M. David & Co. ,Cosmic Veggies, El Sótano, C&M Creative
M. David & Co.
So certainly sonorous that it’s surely a song is the duet of solo shows by Len Bellinger and Denise Sfraga that didn’t just open, but robustly, vividly, gregariously and, in part, also florally burst into being at M. David & Co. a couple of weeks ago. The energy and dynamism of the works in both exhibits is readily infectious, such that the reception itself assumed the same airs. That might’ve even been what catalyzed some of the springtime climes we’ve felt of late. And if so, great. Let’s see more, please.Continue reading “Nota Bene with @postuccio [vi]”
“The stream of sap in the trees varies according to the phases of the moon.”
-Theodor Schwenk, Sensitive Chaos
Sandra Chamberlin’s sculptural installations invites the viewer to enter a three-dimensional drawing of alternate life-forms. Lines made of wood float off the walls, hover in the air, or balance on the ground, altogether creating a sense of abstracted life-forms. These linear sculptures are deeply rooted in the artist’s intriguing relationship to materials and processes which overall tie into her intricate perception of nature. Since the early eighties, Chamberlin has been making out of wood abstracted shapes through meticulous manual and mechanical processes she has perfected over these years.Continue reading “Sandra Chamberlin, on Breathing Underwater”
The Painting Center, Present Company, Talking Pictures, NURTUREart, Slag, SOHO20, M. David & Co., Fresh Window, Studio 10
The Painting Center
I’ve been looking at and occasionally commenting on the virtues and various points of particular interest in Alannah Farrell’s lusciously pictorial, sometimes lushly lusty paintings for a number of years now, and one thing I’ve enjoyed noting is that there seems often to be something stealthily, furtively, sometimes perhaps a bit serpentinely surreptitious about many of her works.Continue reading “Nota Bene with @postuccio [v]”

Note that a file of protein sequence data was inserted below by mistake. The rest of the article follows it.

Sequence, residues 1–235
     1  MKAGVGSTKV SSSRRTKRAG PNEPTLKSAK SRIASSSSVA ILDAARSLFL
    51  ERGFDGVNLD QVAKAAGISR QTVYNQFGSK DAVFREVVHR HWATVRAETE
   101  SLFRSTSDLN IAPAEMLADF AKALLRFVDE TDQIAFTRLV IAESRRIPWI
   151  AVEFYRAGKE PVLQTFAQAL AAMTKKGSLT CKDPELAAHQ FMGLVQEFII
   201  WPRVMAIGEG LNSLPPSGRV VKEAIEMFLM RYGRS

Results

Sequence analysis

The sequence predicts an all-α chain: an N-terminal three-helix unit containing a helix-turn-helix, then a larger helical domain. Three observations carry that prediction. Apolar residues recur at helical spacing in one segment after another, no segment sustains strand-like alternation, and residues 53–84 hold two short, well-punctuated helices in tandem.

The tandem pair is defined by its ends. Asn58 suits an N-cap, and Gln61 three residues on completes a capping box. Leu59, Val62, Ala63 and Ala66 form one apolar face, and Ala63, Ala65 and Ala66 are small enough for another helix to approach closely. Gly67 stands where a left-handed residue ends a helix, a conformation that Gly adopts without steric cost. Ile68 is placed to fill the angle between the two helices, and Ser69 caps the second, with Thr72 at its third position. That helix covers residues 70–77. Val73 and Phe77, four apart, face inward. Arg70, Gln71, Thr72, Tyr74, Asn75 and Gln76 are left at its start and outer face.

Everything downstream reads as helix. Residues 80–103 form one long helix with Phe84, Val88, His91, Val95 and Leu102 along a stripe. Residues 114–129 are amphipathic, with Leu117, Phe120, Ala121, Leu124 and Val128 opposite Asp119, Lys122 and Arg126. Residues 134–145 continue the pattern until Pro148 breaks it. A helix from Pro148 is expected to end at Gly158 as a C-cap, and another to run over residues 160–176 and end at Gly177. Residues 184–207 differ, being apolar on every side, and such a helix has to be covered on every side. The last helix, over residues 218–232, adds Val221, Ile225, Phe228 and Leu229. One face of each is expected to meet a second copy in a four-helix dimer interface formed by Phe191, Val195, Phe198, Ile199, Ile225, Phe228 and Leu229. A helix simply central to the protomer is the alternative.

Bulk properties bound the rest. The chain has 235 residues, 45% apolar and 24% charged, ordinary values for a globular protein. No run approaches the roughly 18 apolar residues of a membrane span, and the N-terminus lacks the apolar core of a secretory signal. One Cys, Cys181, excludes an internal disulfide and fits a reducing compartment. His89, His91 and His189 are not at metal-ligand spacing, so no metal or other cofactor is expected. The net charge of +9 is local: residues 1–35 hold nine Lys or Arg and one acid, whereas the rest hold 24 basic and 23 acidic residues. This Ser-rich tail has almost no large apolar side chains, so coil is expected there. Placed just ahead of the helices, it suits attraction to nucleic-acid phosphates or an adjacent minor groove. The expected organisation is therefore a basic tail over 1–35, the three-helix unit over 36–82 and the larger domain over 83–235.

Knockdown Center, Orgy Park, CLEARING
Wonderfully striking in bright luminosities, diagonal analogousness, situational room-to-room parallels, transporting suggestiveness and subtly warmed circumstantial frigidities are the two installations ‘contained,’ in a way, by “A Continuous Stream of Occurrence,” an exhibition that opened a few weeks ago at Maspeth gem The Knockdown Center .
At top is Luba Drozd‘s room. It both looks and sounds like a veritable spatial knot of brilliantly site-specific polyphonia involving significant degrees of multidisciplinarity, multimateriality and strata within circumstantial strata of shadow-play. It’s a tough but fun knot to look at and into, and listen closely to, to begin to untie just how it works with totality and relative simplicity, though not in ways simplistic in the least.
Rather than necessarily site-specific or sonic, the active state of William Lamsom‘s installation in the adjacent gallery is like that of a shimmering, gradually phase-changing antechamber to Drozd’s comparative cavern; they scan instantly as visually coherent in many satisfying and still individualizable ways. Entering Lamsom’s room alone is like stumbling into an abandoned research lab in a yearless future. Seeing the rooms in tandem is like being dropped in some nicely mysterious nook on Krypton and having no idea why.Continue reading “Nota Bene with @postuccio [iv]”
Joanne Ungar at Front Room Gallery
All Photos by Sharilyn Neidhardt
Pain produces sharp, bright sensations or sometimes ripping agony. It’s often intensely specific. The substances that bring us relief often do so by blurring the hard angles of our pain, allowing us to focus elsewhere. Some substances can leave us in a disconnected fog, far away from the source of discomfort. Others mute and muffle the pain, giving the relieved a sense of floating in a cushioned world. Calibrating effective pain relief can be a struggle for balance between an alert connection to the present and a silencing of uncomfortable sensation. Continue reading “Ethereal Anaesthetic”